In December 2022, one of the biggest international news stories was the conviction of a 97-year-old German woman for being accessory to murder during the Holocaust. She was a teenager at the time of her crimes, 1943-1945, but she was also the head secretary to the SS commander of a concentration camp. Irmgard Furchner may not have been a guard or have personally murdered anyone, but she was aware of what was happening and her work as a secretary facilitated it. She was tried as fairly as possible and she was found guilty.
The term we often associate with cases like that of Irmard Furchner is “complicity.” Merriam-Webster defines complicity primarily as “association or participation in or as if in a wrongful act.” Legally it includes helping or encouraging someone to commit a crime. The notion of participation makes it seem as though it means very serious involvement, but the connotations of complicity are different. Very often when we talk about someone being “complicit” we are talking about involvement that feels peripheral.
Complicity leads us to ponder conscience because complicity is often connected to crimes that we don’t consider to be our own or even think of as crimes. You “don’t know what happens” after the transaction or behind the closed door. It seems possible to claim that things would have happened with or without you. It may be easy to say that you aren’t personally doing anything wrong. Complicity seems to relate to the kind of actions that are thought of as just looking the other way.
How do we get to where the conscience seems so cold? An excellent book, relevant to the Furchner case and complicity, is Between Dignity and Despair: Jewish Life in Nazi Germany by Marion Kaplan. Kaplan’s book chronicles Jewish life during the Third Reich but it also examines what made such extreme treatment of German Jews possible. The book shows how the well-documented “social death” not only preceded but helped make possible the physical death of Jewish Germans. In 1933, many Jewish people lived in the same neighborhoods, attended the same schools, and were members of the same organizations as their non-Jewish neighbors. Over time, they were pushed out of non-Jewish social life, alienated, and ostracized: at school, at work, in professional organizations, in shops, and in public spaces. The government even worked to break up marriages between Jewish and non-Jewish Germans.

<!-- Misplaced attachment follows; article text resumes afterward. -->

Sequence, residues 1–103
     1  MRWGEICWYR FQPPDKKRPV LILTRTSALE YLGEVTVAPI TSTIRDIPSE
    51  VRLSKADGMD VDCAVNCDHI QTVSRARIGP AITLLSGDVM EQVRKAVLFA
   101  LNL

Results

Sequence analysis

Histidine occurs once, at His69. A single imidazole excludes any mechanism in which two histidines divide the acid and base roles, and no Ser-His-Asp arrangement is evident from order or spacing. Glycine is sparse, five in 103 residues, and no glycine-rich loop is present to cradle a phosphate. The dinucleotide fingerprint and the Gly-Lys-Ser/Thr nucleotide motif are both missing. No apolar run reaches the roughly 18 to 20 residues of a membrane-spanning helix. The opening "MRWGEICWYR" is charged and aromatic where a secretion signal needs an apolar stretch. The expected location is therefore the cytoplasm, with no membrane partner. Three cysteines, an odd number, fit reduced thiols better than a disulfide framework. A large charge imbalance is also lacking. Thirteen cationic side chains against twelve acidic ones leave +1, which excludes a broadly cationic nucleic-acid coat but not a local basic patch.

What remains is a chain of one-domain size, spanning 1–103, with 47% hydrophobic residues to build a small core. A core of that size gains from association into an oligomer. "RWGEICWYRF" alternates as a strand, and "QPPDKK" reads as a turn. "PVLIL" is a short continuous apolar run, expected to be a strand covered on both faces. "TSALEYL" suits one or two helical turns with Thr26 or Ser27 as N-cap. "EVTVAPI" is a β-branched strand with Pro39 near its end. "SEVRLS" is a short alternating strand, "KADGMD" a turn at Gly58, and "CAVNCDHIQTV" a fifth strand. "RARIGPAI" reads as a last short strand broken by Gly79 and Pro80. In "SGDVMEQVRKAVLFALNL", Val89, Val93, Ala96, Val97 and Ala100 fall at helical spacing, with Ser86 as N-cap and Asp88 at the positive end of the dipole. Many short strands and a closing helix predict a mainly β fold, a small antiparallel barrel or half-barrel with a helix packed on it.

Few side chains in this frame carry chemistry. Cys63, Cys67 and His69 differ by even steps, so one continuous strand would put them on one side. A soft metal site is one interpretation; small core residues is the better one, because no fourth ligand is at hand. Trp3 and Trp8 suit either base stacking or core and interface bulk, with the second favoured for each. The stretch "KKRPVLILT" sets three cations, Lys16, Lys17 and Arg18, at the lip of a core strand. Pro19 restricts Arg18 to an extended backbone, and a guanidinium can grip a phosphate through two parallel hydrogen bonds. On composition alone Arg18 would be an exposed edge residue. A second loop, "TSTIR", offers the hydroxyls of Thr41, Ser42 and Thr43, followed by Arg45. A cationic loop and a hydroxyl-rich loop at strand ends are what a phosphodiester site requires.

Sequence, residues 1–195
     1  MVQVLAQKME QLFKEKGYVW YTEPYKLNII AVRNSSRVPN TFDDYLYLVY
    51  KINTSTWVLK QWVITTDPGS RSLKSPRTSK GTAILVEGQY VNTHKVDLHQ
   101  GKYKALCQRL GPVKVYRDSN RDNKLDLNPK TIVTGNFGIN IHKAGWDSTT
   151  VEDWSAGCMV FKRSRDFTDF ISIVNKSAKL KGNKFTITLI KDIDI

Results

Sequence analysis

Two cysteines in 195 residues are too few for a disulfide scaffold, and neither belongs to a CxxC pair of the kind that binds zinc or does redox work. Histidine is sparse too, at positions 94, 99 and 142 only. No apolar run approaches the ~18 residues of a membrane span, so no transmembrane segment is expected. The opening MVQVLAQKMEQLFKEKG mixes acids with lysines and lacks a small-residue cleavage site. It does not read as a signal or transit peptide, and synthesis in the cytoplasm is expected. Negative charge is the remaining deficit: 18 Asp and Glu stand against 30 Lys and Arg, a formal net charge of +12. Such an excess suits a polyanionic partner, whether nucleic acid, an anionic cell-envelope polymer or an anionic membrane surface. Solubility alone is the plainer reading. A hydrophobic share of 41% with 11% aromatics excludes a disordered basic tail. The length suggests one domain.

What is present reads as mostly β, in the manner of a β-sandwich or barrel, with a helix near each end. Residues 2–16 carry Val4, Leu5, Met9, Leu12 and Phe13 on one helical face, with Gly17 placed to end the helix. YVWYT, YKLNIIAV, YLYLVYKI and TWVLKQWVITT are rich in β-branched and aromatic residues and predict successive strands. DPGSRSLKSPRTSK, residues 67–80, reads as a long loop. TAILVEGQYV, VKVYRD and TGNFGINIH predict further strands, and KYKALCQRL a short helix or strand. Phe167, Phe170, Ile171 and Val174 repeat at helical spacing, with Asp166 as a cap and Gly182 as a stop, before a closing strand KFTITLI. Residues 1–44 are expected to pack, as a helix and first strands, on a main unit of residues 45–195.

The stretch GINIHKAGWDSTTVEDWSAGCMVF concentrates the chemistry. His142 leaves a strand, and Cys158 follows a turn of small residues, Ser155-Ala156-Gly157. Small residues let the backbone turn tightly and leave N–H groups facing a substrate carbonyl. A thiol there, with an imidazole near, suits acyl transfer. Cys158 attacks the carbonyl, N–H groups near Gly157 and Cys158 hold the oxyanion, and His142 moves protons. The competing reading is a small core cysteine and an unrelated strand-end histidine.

As Jewish Germans became more isolated from their neighbors, very few people said anything. Some were antisemitic, others just did not want to get involved. The longer things went on, the easier it was to look the other way. Jewish-Germans had lost their neighbors, their co-workers, their classmates, their fellow citizens, and their friends. When their mistreatment became more extreme, they had few advocates, in part, because they had few associates. For those who were not outright antisemitic, passivity in the face of Jewish persecution slid into complicity.
The best way to avoid complicity is through care. Merriam-Webster defines care (as a verb) as “1. a. to feel trouble or anxiety b. to feel interest or concern 2. to give care.” Many of us have people we care about, but when it comes to caring about people, we can struggle. The catch is, to be caring members of our society, we have to put ourselves in closer proximity to others who are somewhat other. To feel anxiety or concern for others, we need to know something about their circumstances. To give care, we probably need to know someone somewhat closely. Closeness may sometime make for contempt, but it is also the context in which care thrives.
Unfortunately, for many of us there are big distances between ourselves and many other members of our society. We look at others across cultural divides. We consider generations to sometimes be warring. We are from “red states” and “blue states.” We are happy to accept assumptions about others. We get outraged about things we hear from third parties about people we don’t know. All this distance between us and others makes it easy to be uncaring. We may even be complicit in some of the negative outcomes experienced by other people without our consciences being stirred.
None of us wants to be part of a culture where teenagers are complicit in war crimes. But will we foster an environment in which complicity is more challenging? Will we put ourselves in a position to care about others? The choice is ours.
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